Search Results

You are looking at 1 - 5 of 5 items for :

  • "gender RTI gap" x
Clear All
Mariya Brussevich, Ms. Era Dabla-Norris, and Salma Khalid
Using individual level data on task composition at work for 30 advanced and emerging economies, we find that women, on average, perform more routine tasks than men?tasks that are more prone to automation. To quantify the impact on jobs, we relate data on task composition at work to occupation level estimates of probability of automation, controlling for a rich set of individual characteristics (e.g., education, age, literacy and numeracy skills). Our results indicate that female workers are at a significantly higher risk for displacement by automation than male workers, with 11 percent of the female workforce at high risk of being automated given the current state of technology, albeit with significant cross-country heterogeneity. The probability of automation is lower for younger cohorts of women, and for those in managerial positions.
Mariya Brussevich, Ms. Era Dabla-Norris, and Salma Khalid

Front Matter Page Fiscal Affairs Department Table of Contents ABSTRACT I. INTRODUCTION II. MEASURING EXPOSURE TO ROUTINIZATION: THE RTI INDEX A. Measuring Routineness B. The Gender RTI Gap C. Decomposing the Gender RTI Gap III. RISK OF AUTOMATION AND THE FUTURE OF WORK FOR WOMEN A. Estimating the Probability of Automation B. Gender Differences in Probability of Automation IV. NARROWING GENDER GAPS ACROSS GENERATIONS V. CONCLUSION FIGURES 1. Relationship Between Female Labor Force Participation and Size of

Mariya Brussevich, Ms. Era Dabla-Norris, and Salma Khalid

describing flexibility and learning on the job separately. Using an inverse of the resulting flexibility and learning indices, along with the routine manual component, we use PCA to construct a composite routine component. Each subcomponent (abstract, routine and manual) is standardized to lie between zero and one. Finally, we construct the RTI index by subtracting abstract and manual components from the routine component and standardize the final index score to lie between zero and one. B. The Gender RTI Gap The RTI index, on average, is 13 percent higher for

Mariya Brussevich, Ms. Era Dabla-Norris, Christine Kamunge, Pooja Karnane, Salma Khalid, and Ms. Kalpana Kochhar
New technologies?digitalization, artificial intelligence, and machine learning?are changing the way work gets done at an unprecedented rate. Helping people adapt to a fast-changing world of work and ameliorating its deleterious impacts will be the defining challenge of our time. What are the gender implications of this changing nature of work? How vulnerable are women’s jobs to risk of displacement by technology? What policies are needed to ensure that technological change supports a closing, and not a widening, of gender gaps? This SDN finds that women, on average, perform more routine tasks than men across all sectors and occupations?tasks that are most prone to automation. Given the current state of technology, we estimate that 26 million female jobs in 30 countries (28 OECD member countries, Cyprus, and Singapore) are at a high risk of being displaced by technology (i.e., facing higher than 70 percent likelihood of being automated) within the next two decades. Female workers face a higher risk of automation compared to male workers (11 percent of the female workforce, relative to 9 percent of the male workforce), albeit with significant heterogeneity across sectors and countries. Less well-educated and older female workers (aged 40 and above), as well as those in low-skill clerical, service, and sales positions are disproportionately exposed to automation. Extrapolating our results, we find that around 180 million female jobs are at high risk of being displaced globally. Policies are needed to endow women with required skills; close gender gaps in leadership positions; bridge digital gender divide (as ongoing digital transformation could confer greater flexibility in work, benefiting women); ease transitions for older and low-skilled female workers.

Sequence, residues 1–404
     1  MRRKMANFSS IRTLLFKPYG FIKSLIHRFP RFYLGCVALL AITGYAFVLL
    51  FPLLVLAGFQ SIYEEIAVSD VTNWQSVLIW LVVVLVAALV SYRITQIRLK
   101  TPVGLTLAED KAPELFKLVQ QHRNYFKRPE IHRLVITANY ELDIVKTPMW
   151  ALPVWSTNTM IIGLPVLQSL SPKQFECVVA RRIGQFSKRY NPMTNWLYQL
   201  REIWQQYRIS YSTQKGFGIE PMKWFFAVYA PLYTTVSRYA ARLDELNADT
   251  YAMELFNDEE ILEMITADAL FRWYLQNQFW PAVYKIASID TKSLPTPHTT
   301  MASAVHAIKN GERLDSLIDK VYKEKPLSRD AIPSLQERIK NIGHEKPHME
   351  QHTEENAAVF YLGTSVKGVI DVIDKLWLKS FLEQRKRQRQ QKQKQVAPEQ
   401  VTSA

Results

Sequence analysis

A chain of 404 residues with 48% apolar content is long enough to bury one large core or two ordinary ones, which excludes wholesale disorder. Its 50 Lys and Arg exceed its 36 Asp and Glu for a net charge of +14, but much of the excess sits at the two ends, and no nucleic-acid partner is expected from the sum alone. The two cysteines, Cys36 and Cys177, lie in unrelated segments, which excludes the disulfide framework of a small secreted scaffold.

Mariya Brussevich, Ms. Era Dabla-Norris, Christine Kamunge, Pooja Karnane, Salma Khalid, and Ms. Kalpana Kochhar

Hilgenstock 2018 ). 6 Figure 2. RTI Levels for Women Across Countries Sources: PIAAC survey; and IMF staff calculations. Note: Routine task intensity (RTI) index is calculated at the female level using information on routine, abstract, and manual. See Annex I for details. Country averages are calculated using country-specific sampling weights. Index level varies from 0.45 to 0.61. 12. Gender RTI and ICT gaps and female labor force participation . The gender RTI gap―the ratio of the female RTI level to the male RTI level―is correlated with the female labor